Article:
- Reaching the business value conclusion: once we get the business value, we need to analyze and conclude the organization’s business value.
What is the difference between debt and equity?
- Debt is the company’s liability, which must be paid off after a specific period. Money raised by the company by issuing Equity shares to the public or investors, which can be used for a long period, is known as Equity.
- Debt holders are outsiders, and equity holders are the company’s real owners.
- Debt is the borrowed fund, while Equity is the owned fund.
- Debt reflects money owed by the company towards another person or other financial institution, and Equity reflects the capital owned by the company.
- Debt can be kept for a limited or predetermined, or fixed duration period and should be repaid after the expiry of that term. On the other hand, Equity can be kept for a long period.
- Debt holders are the creditors, whereas equity holders are the owners of the company.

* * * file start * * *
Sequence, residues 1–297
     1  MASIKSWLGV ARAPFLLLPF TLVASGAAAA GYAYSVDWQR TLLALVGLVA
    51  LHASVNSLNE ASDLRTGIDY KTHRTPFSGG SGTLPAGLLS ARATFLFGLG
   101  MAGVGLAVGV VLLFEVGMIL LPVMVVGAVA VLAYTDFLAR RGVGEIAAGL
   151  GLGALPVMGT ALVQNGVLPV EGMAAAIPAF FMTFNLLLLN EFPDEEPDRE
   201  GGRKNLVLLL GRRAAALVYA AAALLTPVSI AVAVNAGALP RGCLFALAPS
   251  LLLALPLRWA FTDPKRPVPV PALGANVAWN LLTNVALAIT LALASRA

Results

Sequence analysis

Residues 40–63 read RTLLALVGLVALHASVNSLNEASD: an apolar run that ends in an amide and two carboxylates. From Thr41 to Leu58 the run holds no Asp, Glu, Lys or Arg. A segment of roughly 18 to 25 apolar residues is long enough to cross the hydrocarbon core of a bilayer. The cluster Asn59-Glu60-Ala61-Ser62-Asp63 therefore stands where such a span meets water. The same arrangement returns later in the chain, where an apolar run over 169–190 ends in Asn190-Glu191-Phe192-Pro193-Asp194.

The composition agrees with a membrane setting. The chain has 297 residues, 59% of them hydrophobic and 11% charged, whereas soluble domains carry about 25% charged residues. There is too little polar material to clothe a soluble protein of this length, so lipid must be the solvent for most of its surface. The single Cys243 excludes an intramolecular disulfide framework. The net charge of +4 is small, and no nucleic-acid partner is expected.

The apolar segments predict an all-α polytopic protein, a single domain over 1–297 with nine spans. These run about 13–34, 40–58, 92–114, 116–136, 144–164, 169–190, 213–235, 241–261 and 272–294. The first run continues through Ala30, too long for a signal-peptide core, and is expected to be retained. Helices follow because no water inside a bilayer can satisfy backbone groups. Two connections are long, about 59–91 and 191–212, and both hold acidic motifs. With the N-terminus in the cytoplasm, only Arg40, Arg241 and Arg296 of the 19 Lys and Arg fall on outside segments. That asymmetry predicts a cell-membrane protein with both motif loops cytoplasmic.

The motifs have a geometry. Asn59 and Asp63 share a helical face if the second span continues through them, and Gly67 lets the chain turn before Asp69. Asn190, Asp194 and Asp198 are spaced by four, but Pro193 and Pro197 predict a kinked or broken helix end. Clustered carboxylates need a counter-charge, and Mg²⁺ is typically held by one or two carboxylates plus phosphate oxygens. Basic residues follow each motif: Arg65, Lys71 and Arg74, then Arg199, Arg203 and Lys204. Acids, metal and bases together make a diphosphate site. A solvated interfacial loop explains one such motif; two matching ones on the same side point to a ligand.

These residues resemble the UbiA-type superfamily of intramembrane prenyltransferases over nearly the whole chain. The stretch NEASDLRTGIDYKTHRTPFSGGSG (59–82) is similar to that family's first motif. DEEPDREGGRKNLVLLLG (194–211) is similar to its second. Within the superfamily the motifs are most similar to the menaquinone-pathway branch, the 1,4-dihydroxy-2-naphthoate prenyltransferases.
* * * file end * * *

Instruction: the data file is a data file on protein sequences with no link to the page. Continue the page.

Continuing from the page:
- Debt carries low risk as compared to Equity, and when it comes to returning, it’s vice versa.
- Debt can be in the form of term loans, debentures, and any other loans, but Equity can be in the form of shares and stock only.
- Return on debt is known as interest. In contrast, the return on equity is called a dividend.
- Return on debt is fixed and regular, but it is just the opposite in the case of return on equity.
- Debt can be secured or unsecured, whereas equity is always unsecured.
What are the different types of derivatives?
A derivative is a contract between two or more parties whose value is based on an agreed-upon underlying financial asset (like underlying assets) or set of assets. Common underlying instruments include bonds, commodities, currencies, interest rates, market indexes, and securities.
The four major types of derivatives are:
- Futures, and
When should a company buy back stock?
Companies buy back their stock mainly to create value for their shareholders. In this case, value means a rising share price or paying the premium value for the share.
Reasons for buyback of stock
- Excess of cash flow with the company
- From a tax perspective also, some companies will buy back shares from the shareholders.
- Buyback of shares tends to improve the value of the companies
- Companies having signs that the stock is undervalued
- Redemption of shares.
Cost of debt or equity higher?